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Gender Differences in Outcome After Coronary Revascularization

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Abstract

Women were associated with greater short-term mortality following coronary revascularization, mainly driven by older age and greater prevalence of comorbidities. Long-term outcomes after coronary revascularization are similar between men and women, or even better in women. Intracoronary imaging studies showed fewer “high-risk” plaques in women as compared with men. While there was a significant difference in coronary flow reserve between men and women, the importance of this observation remains to be determined. There were significant sex difference in diagnostic testing and managements, while it remains unclear whether there are sex-specific differences in the clinical phenotype of coronary artery disease, or in sex-specific bias of diagnostic testing, or both. In patients who undergo percutaneous coronary intervention, newer generation drug-eluting stents are recommended for use in both men and women based on the currently available evidences. In conclusion, sex difference in coronary disease burden, coronary physiology, response to diagnostic testing, and clinical management may play an important role in the observed difference in clinical outcomes between men and women. Further studies are needed to elucidate sex differences following coronary revascularization.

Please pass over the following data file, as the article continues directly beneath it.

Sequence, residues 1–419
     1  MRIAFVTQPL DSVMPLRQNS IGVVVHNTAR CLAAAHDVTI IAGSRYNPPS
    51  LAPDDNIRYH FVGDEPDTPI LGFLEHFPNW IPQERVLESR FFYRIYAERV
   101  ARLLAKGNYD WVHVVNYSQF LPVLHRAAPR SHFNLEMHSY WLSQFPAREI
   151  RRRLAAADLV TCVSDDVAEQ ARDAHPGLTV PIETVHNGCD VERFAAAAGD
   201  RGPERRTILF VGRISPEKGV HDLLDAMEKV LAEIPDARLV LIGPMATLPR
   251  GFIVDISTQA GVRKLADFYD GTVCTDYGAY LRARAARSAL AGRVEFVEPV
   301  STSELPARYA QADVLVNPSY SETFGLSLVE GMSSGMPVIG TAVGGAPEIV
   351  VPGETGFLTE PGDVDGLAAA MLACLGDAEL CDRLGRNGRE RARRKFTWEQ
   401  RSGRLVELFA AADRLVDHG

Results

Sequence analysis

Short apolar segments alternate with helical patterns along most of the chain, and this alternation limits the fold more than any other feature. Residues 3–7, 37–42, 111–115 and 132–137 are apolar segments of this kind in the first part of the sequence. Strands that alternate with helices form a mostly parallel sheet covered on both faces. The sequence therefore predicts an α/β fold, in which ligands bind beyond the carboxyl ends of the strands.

Keywords

  • Coronary revascularization
  • Percutaneous coronary intervention
  • Coronary artery bypass grafting
  • Coronary physiology
  • Drug-eluting stent
  • Coronary artery disease

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Correspondence to Takeshi Kimura M.D., Ph.D. .

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Yamaji, K., Kimura, T. (2018). Gender Differences in Outcome After Coronary Revascularization. In: Mehta, J., McSweeney, J. (eds) Gender Differences in the Pathogenesis and Management of Heart Disease. Springer, Cham. https://doi.org/10.1007/978-3-319-71135-5_13

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  • DOI: https://doi.org/10.1007/978-3-319-71135-5_13

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